Tuesday, 25 May 2021

Winning your Bottle


We were a captain short for our Trek last Saturday as it seems that Phage vaccinations have been issued across the entire quadrant and as per orders she was confined to quarters for the episode. We are a short game already that occasionally requires us to play two characters which always makes me feel like I am managing rather than playing although the Trek is designed to have supporting characters which offers a somewhat forgiving experience. My main issue in such situations is plot block where we exhaust possibilities but are not seeing the solution to a situation or a way forward - with enough players or specifically brains on a problem someone tends to come up with either a fix or work around but with just two players there was a concern that we would get exhausted in a situation with limited options.

However the session went quickly (pros to GM Jon of course) and as the system is designed with episodic narratives in mind we decided to have a flashback bottle episode with the doctor and myself embarking from space dock at Earth on a transport before our commissioning on the Lyonesse.  I say transport but it was more like a flying bucket of bolts sprinkled over a warp core - it seems that Starfleet internal mail is pretty much identical to the staff transfer process.

Nevertheless we won our mini adventure and saved the passengers from opportunistic pirates posing as passengers and exposed the compromised crew who were conspiring with them - it was the cook of course, I suspect mainly because the cheaper Starfleet ships don't have butlers. There was also a Kzinti being transferred in cryo by an undercover Vulcan but thankfully we talked the GM out of time to release it which did help expedite matters. Flashback episodes can be a fun break from a main plot but there is no reason actually why a GM couldn't drop clues and back fill important events into such sessions but it would have to be crafted carefully as certain events and outcomes are already committed in the timeline. Ultimately I wonder if its possible to run an adventure entirely backwards from the conclusion to the outset.

Tuesday, 18 May 2021

Home Brews


In the creative cauldrons of our pastime there has always been a simmering of artistic ingredients. A bit like Buddhists there are those who task themselves with the constant rewriting of systems chipping away at previously undiscovered roleplaying nuggets and perspectives for repackaging an experience that is either more highly tuned or more narratively relevant than a previous incarnation. I am unsure as to whether there is a fashion apparent here as that would imply the coming and going of familiar rule sets and I get more the impression that its an iterative process at work. Certainly there are more formal editions of a system and I would hesitate to guess which product line has the highest version - perhaps Cthulu in its seventh would outrank D&D in its 5th but lets not forget the noble and single minded Astartes than now stride across 9th edition terrain. To be fair though, the fantasy specific adaption is somewhat younger that the formal wargame so perhaps we wouldn't count board games as such.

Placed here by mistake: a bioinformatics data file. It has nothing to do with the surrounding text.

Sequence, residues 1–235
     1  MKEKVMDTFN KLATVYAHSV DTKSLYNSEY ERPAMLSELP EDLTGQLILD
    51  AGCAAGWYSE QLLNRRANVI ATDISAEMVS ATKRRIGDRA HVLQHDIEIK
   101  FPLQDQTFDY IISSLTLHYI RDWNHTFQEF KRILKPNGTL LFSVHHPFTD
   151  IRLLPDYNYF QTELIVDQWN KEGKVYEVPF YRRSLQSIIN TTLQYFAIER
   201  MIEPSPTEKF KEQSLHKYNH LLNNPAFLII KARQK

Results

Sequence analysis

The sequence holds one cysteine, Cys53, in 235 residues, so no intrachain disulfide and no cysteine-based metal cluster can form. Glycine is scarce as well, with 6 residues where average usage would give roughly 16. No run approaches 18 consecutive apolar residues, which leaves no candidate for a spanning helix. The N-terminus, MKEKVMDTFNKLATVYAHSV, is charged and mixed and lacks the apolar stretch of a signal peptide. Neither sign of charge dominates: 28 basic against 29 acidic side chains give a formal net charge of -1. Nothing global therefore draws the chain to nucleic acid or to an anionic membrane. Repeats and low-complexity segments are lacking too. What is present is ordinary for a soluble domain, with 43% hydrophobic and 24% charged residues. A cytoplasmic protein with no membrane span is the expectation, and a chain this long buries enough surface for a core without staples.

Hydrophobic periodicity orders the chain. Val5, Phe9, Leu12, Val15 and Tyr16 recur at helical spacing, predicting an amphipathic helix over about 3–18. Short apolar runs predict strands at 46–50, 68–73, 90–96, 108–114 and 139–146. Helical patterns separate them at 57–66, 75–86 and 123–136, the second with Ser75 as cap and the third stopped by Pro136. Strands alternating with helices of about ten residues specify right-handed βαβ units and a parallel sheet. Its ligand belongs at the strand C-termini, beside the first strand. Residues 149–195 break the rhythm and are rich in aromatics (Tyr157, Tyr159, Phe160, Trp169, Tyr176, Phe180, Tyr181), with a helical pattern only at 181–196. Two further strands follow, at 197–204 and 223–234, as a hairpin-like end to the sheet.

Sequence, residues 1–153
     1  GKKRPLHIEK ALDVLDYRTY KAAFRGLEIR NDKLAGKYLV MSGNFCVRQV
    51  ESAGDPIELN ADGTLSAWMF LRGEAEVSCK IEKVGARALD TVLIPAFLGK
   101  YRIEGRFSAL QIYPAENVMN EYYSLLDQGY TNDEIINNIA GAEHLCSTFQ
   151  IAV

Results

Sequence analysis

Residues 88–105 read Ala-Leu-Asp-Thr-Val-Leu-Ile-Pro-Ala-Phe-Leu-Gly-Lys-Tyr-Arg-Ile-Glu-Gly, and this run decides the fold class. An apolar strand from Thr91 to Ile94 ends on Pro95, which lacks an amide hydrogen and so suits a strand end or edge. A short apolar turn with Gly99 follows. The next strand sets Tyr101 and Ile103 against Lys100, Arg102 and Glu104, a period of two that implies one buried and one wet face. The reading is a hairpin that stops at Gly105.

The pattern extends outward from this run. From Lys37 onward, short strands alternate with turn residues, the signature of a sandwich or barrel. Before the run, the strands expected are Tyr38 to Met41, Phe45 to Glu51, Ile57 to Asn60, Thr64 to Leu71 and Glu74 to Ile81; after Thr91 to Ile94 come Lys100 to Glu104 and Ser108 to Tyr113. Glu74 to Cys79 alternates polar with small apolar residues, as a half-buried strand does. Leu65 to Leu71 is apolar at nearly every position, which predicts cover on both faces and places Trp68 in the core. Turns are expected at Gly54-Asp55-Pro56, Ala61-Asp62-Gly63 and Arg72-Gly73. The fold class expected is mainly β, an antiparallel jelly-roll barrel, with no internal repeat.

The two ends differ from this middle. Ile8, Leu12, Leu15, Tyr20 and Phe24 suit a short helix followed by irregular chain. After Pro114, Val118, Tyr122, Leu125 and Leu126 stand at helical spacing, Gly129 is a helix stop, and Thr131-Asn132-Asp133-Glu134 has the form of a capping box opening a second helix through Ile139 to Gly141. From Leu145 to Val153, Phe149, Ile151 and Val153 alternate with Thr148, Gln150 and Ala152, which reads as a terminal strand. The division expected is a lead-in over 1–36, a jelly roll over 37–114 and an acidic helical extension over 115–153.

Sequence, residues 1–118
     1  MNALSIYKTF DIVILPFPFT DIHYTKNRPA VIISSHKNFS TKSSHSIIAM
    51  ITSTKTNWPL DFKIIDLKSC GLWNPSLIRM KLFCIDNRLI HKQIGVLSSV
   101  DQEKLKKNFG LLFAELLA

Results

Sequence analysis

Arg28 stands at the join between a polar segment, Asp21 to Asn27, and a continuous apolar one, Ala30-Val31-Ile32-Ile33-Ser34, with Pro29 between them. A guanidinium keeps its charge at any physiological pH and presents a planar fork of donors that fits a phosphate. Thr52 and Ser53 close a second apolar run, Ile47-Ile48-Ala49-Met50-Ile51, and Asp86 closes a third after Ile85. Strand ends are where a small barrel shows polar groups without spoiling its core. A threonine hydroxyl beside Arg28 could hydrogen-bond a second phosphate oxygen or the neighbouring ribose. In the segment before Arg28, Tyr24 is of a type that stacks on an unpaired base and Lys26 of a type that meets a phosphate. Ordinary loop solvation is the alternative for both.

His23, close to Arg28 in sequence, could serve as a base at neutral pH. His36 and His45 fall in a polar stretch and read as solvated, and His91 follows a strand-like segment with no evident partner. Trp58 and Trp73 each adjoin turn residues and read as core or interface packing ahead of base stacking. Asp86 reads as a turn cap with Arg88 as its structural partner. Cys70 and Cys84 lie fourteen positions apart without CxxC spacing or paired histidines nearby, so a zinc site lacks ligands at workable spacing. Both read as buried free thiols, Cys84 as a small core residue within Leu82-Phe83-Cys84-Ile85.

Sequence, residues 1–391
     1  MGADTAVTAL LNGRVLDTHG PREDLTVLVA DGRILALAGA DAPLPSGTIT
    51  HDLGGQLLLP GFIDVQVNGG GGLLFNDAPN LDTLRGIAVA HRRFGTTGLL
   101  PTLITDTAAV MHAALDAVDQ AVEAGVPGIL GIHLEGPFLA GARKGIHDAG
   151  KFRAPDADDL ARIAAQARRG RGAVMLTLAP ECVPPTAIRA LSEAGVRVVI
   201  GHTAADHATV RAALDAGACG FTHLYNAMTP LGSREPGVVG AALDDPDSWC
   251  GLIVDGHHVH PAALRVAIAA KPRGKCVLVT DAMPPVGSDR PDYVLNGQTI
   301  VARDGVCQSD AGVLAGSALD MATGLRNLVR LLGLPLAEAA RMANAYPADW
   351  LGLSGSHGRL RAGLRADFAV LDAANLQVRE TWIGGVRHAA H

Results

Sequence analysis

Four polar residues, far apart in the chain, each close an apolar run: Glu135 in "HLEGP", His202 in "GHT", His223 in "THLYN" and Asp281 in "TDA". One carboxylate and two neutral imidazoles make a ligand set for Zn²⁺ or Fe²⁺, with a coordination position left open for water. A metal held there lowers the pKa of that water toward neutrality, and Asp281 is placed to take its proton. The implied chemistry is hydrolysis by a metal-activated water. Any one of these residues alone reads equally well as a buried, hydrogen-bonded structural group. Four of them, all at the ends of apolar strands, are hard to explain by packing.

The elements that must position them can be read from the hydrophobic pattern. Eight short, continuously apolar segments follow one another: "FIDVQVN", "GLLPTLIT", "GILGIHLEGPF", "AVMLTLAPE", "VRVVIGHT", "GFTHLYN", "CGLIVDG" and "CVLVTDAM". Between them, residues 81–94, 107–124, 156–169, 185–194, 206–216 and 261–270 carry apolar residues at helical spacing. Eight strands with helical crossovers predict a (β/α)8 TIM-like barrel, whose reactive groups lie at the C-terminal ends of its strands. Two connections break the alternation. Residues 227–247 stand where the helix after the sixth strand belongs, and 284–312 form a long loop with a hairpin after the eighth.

Certainly Kisckstarters abound with new games as well as revised takes on older systems and the creative juices that bring people into the somewhat armature dramatic hobby also fuel its development as an art form in its own right. But my question is whether its a matter of appeal or whether there is actually value in many of these reimaginings. This is not to rain on anyone's passion but as there is real authenticity in critiquing art I do wonder how we should judge new offerings. 

I have an old friend for example who has a passion for the philosophy of religion and is bursting with ideas for a new system based around the deification of alien artifacts. Without going into too much detail, an alien mother ship crash landed on a world thousands of years ago devastating civilization at the time. The alien survivors from different crew divisions went their separate ways and using the technologies relevant to their division established power bases and religious followings in that regard - command created warriors, navigation created rangers, security created rogues, medical created clerics and engineering created mages. Its s simple backdrop but in creating effectively a technological pantheon mythos, as millennia rolled by with access to occasional 'magic' technology, narrative quickly writes itself. So the question is whether this is just a re-hash of old ideas or is it an original and exciting new perspective ? I am unsure how to critique it an unlike a pure art, much of the answer lies in the play of course but perhaps roleplaying is something more personal as its not art created by one person but an emergent experience created by many players, the system being just the paintbrush.